Student-powered initiatives are a wellspring of DePaul’s deeply embedded commitment to social justice
By Craig Keller
The ways in which DePaul students pursue social justice are both diverse and intersectional. From established groups to more recent initiatives, such efforts reflect the community uplift at the heart of DePaul’s Vincentian mission and how the university has long been a driving force for social justice. While the COVID-19 pandemic has altered or paused parts of these efforts, those behind them continue to march forward with hope and conviction.
“For the young folks out there, I challenge you to take a risk. Dream about everything that’s possible for your life. Dream about bettering the lives of people around you. Dream about the need to build a better world. Dream, lead and take action.”
The late Frankie Valencia (LAS ’10) spoke those words in his keynote speech at the President’s Annual Diversity Brunch in 2009. Valencia was a popular mentor to other students and a Vincentian in Action student leader who, among many leadership roles, mentored youth at San Miguel School on the West Side of Chicago. Tragically, Valencia was shot and killed at a Halloween party that year on the verge of graduating. He was granted his degree posthumously.
In 2011, DePaul’s University Ministry (now the Division of Mission and Ministry) launched its Community Peacemakers program to honor Valencia and respond to gun violence among Chicago youth. Each academic year since then, DePaul students train in restorative justice practices during the fall quarter, then pair up with high school classrooms in Chicago Public Schools the following winter and spring.
During the 14-week program, participants gather in peace circles while facilitators guide the groups through conversations and activities about community- and trust-building, what nonviolence looks like and means in each person’s life, and how compassionate dialogue and community care are more effective than disciplinary actions in not perpetuating more harm, among other topics.
“Everyone in the peace circle has a voice and deserves to contribute equally,” says DePaul junior Olivia Hamer, one of the program’s student coordinators. “We shed the traditional power dynamic that someone with closer proximity to higher, private education knows more, because the people who participate are the experts about their communities. We focus on how they’re the agents of change for themselves and where they live.”
The program concludes with classes creating a peace project related to their discussions. Examples have included open mics, community service days and a self-care fair with uplifting activity booths.
Collective care also informed the online peace circles facilitators held for fellow DePaul students in spring 2020 after the COVID-19 pandemic curtailed school visits. Those continued this academic year while the partnership is being evaluated in light of health and safety guidelines.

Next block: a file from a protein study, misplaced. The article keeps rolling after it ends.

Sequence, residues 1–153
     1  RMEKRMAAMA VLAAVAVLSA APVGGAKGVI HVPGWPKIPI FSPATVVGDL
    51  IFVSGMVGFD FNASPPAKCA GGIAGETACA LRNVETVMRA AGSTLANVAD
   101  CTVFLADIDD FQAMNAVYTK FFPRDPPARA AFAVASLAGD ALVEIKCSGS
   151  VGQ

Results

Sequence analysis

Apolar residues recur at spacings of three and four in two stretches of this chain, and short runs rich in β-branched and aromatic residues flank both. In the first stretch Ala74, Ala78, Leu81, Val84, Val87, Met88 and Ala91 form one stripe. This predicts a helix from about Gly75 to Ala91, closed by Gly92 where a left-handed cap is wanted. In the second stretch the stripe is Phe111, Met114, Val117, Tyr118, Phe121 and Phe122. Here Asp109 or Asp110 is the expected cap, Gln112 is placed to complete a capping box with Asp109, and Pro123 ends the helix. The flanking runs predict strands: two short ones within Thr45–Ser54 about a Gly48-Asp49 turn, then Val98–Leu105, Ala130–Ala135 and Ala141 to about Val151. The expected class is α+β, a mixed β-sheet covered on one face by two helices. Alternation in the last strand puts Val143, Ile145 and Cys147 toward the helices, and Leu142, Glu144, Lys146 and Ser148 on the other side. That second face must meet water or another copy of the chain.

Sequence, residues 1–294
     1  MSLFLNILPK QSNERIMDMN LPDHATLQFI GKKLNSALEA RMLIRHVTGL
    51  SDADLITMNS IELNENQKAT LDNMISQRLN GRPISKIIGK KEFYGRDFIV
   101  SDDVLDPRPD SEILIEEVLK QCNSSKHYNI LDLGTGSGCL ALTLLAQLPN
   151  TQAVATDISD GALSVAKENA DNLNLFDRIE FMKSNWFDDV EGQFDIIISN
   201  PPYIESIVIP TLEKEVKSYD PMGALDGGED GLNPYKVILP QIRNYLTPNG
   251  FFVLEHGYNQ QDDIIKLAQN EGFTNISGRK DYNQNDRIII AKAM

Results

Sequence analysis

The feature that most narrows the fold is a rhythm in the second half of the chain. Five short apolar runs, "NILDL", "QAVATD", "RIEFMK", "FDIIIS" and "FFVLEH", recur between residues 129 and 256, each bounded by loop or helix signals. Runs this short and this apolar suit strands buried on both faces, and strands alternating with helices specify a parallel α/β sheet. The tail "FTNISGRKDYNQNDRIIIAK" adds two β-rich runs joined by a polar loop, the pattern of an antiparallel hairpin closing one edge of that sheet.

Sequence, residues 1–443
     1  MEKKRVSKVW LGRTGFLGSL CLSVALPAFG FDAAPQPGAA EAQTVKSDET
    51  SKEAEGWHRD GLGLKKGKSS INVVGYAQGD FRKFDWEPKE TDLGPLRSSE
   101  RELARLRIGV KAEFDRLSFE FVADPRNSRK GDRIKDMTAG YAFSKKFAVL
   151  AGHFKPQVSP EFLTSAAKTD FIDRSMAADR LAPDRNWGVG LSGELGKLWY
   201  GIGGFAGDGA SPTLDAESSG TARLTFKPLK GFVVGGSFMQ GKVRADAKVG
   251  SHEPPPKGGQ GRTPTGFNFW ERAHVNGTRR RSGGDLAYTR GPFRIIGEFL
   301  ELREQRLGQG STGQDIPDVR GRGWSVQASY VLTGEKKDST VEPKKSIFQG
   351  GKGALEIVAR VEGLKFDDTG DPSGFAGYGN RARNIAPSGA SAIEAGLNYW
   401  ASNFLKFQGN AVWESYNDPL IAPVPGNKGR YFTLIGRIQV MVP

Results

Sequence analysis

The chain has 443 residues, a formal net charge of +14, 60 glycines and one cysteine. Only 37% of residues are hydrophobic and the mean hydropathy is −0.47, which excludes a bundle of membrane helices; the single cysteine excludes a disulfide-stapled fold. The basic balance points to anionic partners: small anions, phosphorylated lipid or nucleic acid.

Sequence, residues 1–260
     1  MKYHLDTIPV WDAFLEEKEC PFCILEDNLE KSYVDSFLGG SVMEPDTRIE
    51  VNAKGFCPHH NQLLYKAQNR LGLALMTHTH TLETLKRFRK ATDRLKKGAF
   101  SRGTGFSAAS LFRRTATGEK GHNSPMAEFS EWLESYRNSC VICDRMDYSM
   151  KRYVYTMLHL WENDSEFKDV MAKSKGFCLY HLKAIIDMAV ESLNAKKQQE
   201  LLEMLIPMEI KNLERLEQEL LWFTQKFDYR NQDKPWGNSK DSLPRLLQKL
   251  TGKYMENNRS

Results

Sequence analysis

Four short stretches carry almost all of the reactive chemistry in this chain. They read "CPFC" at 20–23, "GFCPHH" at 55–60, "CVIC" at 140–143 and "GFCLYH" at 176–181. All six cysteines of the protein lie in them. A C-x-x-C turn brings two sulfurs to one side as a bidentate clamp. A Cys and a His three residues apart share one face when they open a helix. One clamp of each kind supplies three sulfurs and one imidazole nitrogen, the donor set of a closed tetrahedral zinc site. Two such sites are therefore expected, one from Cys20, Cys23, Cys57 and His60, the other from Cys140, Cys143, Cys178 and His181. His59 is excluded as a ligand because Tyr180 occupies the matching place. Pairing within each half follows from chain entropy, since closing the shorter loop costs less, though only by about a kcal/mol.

“It’s important to maintain empowerment in community, especially when things seem so heavy, and the world’s problems so immense,” says Gina Leal, the program’s staff coordinator. “When people have a shared space for reflection, they begin to see the only way we can imagine a better world is by coming together and everyone doing their small piece. That’s more sustainable than someone trying to carry the world’s burdens on their shoulders.”
Students Against Incarceration
Hamer is also a vice president of Students Against Incarceration (SAI), an activist group founded in 2016 by community service studies students involved in DePaul’s Inside-Out Prison Exchange Program, in which students and inmates at Stateville Correctional Center and Cook County Jail take classes together taught by DePaul faculty. SAI involves its members, who, like secondary education undergraduate Hamer, now come from across the university, in actions related to criminal justice reform and prison abolition.
SAI members have collaborated with grassroots coalition Parole Illinois to call attention to an Illinois Senate bill that would reestablish a discretionary parole system for individuals serving long-term sentences. They’ve worked with Chicago Votes, a youth organization providing political and public service leadership training, on an initiative to inform incarcerated people of their eligibility to vote.
The group has also held teach-ins on campus about various related issues and organized a book group at Cook County Jail during which students met weekly with inmates and brought them dictionaries donated in a collection drive they organized.
When Cook County Jail became a COVID-19 hot spot last spring, SAI worked with the Illinois Coalition for Higher Education in Prison on a crowdsourcing campaign to purchase thousands of travel-size bars of soap for inmates. SAI also collaborated with other DePaul student groups on a Ban the Box campaign to call for the removal of a check box on college applications that asks if applicants have a criminal record.
“More than just a support, we’re also learning ourselves and making sure we’re caught up with current issues, because we’re not the ones inside the prisons,” says Hamer. “We want to make sure we’re doing right by the people who are.”
Chicago Area Peace Action–DePaul
“Everything we do is to make our community stronger, healthier and safer,” says Grace Siegelman, co-president of the three-year-old Chicago Area Peace Action (CAPA)–DePaul.